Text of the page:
Paul Sims, Daily Mail (London), November 20, 2009
It’s a horribly familiar situation for many of us: no sooner is it payday than various bills and shopping trips mean we’re right back where we started.
But you’d expect it to be a different story for a Premier League footballer earning £75,000 a week.
Not, however, in the case of former Newcastle United striker Obafemi Martins, who was often broke, according to claims about the star’s prodigious spending habits in a court case yesterday.
The revelations marked the start of a bitter legal battle between the player and his former management company, as it was claimed that he regularly withdrew £40,000 at weekends and a further £25,000 the following Monday.
Nigeria international player Martins, 25, joined Newcastle for a £10million fee in August 2006.
NVA Management insists it managed every aspect of its former client’s life and was often forced to bail him out after his bank account slipped into the red.
The firm is now suing the footballer for £300,000 it claims he still owes them for sorting out his financial affairs.
Robert Tennink, the lawyer representing NVA, told the High Court in London: ‘Despite earning these vast sums of money he was constantly overdrawn.’ He said Martins had come to the firm, which looks after the affairs of several footballers, film and music stars, in July 2007.
In return for managing his life, he would pay a one-off fee of £300,000, and give NVA 20 per cent of any sponsorship monies they acquired on his behalf.
Mr Tennink said it was under NVA’s stewardship that the striker agreed a £2million image rights deal ‘simply for being Mr Martins’.
The star also had lucrative sponsorship deals with various companies including Pepsi and Nike but had not been paid for these until NVA stepped in to get the contracts honoured, bringing in thousands of pounds.
Before they managed his affairs Martins had not been paid a penny for his image rights on Newcastle United shirts and mugs. He had received nothing from his sponsorship deals and could not even find the contracts he had originally signed.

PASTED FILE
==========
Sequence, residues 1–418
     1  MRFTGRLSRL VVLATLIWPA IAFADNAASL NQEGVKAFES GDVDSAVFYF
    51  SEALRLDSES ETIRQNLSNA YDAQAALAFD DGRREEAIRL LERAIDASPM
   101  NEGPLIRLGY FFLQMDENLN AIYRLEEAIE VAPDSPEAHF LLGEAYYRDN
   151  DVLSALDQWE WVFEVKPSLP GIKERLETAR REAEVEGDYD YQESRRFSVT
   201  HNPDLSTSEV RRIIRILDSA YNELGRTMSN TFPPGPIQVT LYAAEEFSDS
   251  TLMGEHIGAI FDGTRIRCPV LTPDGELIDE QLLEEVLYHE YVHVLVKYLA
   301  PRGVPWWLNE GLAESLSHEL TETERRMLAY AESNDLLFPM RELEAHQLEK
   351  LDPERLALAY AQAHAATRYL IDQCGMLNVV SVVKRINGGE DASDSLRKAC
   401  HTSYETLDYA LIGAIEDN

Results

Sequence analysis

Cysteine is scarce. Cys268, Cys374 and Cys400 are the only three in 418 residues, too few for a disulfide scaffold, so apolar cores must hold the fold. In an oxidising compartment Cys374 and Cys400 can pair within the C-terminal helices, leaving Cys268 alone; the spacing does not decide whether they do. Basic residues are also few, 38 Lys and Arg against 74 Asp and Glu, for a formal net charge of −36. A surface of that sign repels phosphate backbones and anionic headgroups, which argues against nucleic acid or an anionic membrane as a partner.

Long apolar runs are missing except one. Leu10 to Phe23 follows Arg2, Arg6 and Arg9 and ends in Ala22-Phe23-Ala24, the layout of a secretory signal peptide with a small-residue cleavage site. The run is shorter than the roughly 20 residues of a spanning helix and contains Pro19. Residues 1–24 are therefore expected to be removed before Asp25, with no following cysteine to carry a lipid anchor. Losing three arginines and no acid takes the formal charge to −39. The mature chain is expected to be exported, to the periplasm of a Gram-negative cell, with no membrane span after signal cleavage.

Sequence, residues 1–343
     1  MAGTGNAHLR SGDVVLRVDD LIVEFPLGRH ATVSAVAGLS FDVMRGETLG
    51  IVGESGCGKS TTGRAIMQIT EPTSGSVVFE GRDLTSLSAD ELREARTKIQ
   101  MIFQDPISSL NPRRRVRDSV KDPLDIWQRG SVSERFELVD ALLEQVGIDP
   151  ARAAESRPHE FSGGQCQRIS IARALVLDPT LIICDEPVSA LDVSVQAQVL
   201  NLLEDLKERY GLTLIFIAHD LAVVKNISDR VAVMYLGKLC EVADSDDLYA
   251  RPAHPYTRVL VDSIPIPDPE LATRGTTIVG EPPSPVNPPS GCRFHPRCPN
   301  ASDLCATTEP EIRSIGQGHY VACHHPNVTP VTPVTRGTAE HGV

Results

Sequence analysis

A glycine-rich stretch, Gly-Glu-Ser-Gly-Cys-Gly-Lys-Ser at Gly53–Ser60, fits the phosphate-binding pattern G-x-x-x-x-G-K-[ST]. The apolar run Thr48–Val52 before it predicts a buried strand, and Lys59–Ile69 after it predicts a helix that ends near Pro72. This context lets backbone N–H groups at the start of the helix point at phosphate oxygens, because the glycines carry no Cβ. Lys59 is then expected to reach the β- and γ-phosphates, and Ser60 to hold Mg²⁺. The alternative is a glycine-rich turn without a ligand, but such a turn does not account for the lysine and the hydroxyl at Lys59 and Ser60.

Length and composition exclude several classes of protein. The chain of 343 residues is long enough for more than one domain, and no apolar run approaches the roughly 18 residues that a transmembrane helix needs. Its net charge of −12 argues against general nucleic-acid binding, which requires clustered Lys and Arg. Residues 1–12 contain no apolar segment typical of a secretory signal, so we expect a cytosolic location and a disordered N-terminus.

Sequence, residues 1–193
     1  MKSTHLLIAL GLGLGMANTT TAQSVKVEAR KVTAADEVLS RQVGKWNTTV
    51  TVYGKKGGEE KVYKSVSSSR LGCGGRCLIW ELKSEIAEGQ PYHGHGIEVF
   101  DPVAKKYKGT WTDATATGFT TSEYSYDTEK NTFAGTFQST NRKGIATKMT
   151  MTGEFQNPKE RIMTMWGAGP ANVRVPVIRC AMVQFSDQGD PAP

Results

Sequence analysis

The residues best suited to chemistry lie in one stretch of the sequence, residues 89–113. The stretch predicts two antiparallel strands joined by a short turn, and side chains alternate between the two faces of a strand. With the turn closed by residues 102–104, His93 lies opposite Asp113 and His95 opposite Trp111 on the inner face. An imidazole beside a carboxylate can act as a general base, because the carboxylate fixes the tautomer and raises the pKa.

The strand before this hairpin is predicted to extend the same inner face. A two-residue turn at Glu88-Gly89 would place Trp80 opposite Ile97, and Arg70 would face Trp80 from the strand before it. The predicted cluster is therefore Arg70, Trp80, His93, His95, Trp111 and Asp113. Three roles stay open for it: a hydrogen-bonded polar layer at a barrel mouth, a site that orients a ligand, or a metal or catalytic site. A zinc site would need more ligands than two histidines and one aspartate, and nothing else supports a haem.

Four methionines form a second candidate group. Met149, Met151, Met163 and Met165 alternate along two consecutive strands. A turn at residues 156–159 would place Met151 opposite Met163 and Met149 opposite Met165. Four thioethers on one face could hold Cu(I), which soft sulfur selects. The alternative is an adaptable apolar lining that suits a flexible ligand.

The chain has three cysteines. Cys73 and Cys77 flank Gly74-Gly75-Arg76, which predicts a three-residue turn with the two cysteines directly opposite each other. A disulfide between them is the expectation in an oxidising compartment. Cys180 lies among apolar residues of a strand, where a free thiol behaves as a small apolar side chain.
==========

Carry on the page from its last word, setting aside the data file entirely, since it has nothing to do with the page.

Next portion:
NVA said it also organised travel visas, a passport, his mortgage and property valuations, and was constantly going up to Newcastle from its London offices for him.
Mr Tennink told Judge Richard Seymour, QC: ‘Day to day life with superstars is demanding and superstars are demanding.’
Martins, who owned several fast cars including a top-of-the-range £85,000 Porsche Cayenne 4×4, spent the money on a lifestyle of luxurious penthouse homes and fine dining.
He owned a large multimillion pound home in the exclusive footballers’ enclave of Darras Hall, near Ponteland, Northumbria, and rented an opulent flat overlooking Newcastle upon Tyne’s trendy Quayside.
The striker, who was sold for £9million to German side Wolfsburg after Newcastle were relegated from the Premier League earlier this year, paid NVA £67,500 in January last year and another £25,000 in April last year but NVA claims it is still owed over £300,000.
Martins, who was not in court yesterday, is fighting the claim and the hearing is scheduled to last for three days.